Gwent Police has said it will take action against those who “knowingly” go against the new firebreak lockdown restrictions.
There will also be additional patrols carried out over the Halloween and Bonfire Night periods, police confirmed.
The restrictions will come into force at 6pm tonight (Friday, October 23).
Gwent Police’s temporary assistant chief constable, Ian Roberts, said: “Throughout this firebreak lockdown we’ll be continuing to engage with our communities and explain the importance of keeping Wales safe.
“For those that knowingly go against these restrictions, we will take enforcement action.
“Across Gwent we will be carrying out additional patrols, in particular over the Halloween and Bonfire Night period.”
He added: “Working with local businesses and partners, we’ll be ensuring that everyone is doing all that they can to help us prevent the continued spread of this virus.
“We remain committed to responding to all reports of crime and providing an effective service to the communities of Gwent.”
The firebreak lockdown is set to be in place until November 9.
Gwent’s Police and Crime Commissioner, Jeff Cuthbert, said: “Gwent Police will continue with a strategy of education and encouragement in the first instance. However, these restrictions are very clear and where the police have to enforce them they will do so.
“If we all play our part now then, hopefully, we can avoid a longer, stricter set of restrictions in the future.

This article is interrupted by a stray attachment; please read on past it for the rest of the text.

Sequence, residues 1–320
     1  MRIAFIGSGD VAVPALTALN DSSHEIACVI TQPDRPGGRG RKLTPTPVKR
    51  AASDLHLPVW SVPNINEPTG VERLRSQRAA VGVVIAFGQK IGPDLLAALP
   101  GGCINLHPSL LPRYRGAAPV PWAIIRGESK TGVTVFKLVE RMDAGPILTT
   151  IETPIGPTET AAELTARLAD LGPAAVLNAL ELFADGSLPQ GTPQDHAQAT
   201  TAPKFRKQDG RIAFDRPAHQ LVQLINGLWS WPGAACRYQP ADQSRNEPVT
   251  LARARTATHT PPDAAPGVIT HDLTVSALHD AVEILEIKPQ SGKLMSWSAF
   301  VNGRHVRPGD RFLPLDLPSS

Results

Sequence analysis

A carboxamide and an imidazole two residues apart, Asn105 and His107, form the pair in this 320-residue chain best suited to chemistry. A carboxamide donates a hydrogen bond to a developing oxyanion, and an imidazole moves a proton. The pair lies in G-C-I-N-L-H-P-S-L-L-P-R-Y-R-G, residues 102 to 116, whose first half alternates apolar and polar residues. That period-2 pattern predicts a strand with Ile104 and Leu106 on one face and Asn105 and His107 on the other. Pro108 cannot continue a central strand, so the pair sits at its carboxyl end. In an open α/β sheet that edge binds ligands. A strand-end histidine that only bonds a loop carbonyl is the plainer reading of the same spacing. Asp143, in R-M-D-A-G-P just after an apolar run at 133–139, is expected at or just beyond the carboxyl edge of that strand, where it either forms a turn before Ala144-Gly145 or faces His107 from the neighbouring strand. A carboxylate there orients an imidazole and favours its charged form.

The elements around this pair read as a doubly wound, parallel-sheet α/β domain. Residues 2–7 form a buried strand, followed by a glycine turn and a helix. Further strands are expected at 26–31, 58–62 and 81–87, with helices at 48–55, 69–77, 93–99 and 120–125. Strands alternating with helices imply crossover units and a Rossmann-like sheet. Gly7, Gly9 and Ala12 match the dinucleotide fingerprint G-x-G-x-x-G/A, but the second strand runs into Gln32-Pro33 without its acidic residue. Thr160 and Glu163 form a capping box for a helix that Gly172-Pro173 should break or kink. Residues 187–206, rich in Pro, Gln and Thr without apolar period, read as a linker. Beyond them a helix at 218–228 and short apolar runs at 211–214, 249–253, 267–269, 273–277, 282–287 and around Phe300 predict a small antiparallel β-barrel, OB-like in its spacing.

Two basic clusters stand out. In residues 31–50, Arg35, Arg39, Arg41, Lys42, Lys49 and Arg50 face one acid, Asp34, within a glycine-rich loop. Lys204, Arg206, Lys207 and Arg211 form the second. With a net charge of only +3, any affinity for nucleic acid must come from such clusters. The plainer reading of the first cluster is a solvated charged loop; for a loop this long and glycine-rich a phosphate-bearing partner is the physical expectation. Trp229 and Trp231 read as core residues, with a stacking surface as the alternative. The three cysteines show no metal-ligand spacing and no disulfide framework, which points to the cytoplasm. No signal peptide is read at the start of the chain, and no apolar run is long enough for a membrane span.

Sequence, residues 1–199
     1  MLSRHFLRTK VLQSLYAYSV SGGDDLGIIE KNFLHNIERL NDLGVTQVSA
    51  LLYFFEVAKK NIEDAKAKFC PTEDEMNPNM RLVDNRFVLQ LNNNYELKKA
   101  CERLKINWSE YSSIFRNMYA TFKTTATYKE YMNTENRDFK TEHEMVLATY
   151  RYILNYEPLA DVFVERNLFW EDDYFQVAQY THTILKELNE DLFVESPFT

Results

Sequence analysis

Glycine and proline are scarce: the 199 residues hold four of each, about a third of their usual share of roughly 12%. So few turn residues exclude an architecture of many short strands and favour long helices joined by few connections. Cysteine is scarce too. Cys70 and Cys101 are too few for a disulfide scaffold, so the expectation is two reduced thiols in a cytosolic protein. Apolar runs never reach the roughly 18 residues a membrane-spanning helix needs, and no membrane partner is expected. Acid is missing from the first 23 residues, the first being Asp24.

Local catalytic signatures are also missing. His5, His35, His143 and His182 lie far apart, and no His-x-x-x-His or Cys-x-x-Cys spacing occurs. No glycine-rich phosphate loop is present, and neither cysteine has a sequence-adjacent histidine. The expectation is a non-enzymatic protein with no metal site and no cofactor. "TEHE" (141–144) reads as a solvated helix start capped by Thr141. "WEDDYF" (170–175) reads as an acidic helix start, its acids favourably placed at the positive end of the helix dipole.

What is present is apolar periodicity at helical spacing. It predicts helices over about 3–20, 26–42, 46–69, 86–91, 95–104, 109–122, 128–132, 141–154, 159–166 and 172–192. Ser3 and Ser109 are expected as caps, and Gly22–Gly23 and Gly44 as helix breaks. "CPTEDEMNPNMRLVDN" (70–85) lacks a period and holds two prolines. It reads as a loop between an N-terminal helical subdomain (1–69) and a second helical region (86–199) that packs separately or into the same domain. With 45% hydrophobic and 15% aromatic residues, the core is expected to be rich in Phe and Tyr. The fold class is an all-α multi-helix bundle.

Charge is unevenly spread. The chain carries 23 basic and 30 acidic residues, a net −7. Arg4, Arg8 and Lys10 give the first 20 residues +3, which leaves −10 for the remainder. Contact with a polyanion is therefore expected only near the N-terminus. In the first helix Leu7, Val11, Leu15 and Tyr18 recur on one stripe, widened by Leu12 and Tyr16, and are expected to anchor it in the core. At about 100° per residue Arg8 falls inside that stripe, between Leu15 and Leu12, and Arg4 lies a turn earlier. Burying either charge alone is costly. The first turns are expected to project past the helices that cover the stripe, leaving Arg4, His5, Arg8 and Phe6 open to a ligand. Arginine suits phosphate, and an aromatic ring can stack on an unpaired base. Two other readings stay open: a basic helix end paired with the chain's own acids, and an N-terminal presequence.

“Please follow the latest guidance from Welsh Government and your own local authorities in the coming weeks.”
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What can and can’t we do during the firebreak lockdown?
• People must stay at home, except for very limited purposes, such as for exercise.
• People must work from home wherever possible.
• People must not visit other households or meet other people they do not live with either indoors and outdoors.
• No gatherings will be allowed outdoors, such as Halloween or fireworks/Bonfire night or other organised activities.
• All non-food retail, hospitality businesses, including cafes, restaurants and pubs (unless they provide take-away or delivery services), close contact services, such as hairdressers and beauticians, and events and tourism businesses, such as hotels, must close.
• Community centres, libraries and recycling centres will be required to close.
• Face coverings must be worn in indoor public spaces, which remain open, including on public transport and in taxis.
• Adults living alone or single parents will be able to join with one other household for support. These people will be able to form a ‘bubble’ with households outside their council area.
• Primary and special schools will reopen as normal after half-term.
• Secondary schools will reopen after the half-term for children in years seven and eight and most vulnerable children. Pupils will be able to come in to take exams but other pupils will continue their learning from home for an extra week.
• Universities will provide a blend of in-person and online learning.
• NHS and health services will continue to operate.
• Local parks, playgrounds and outdoor gyms will remain open.
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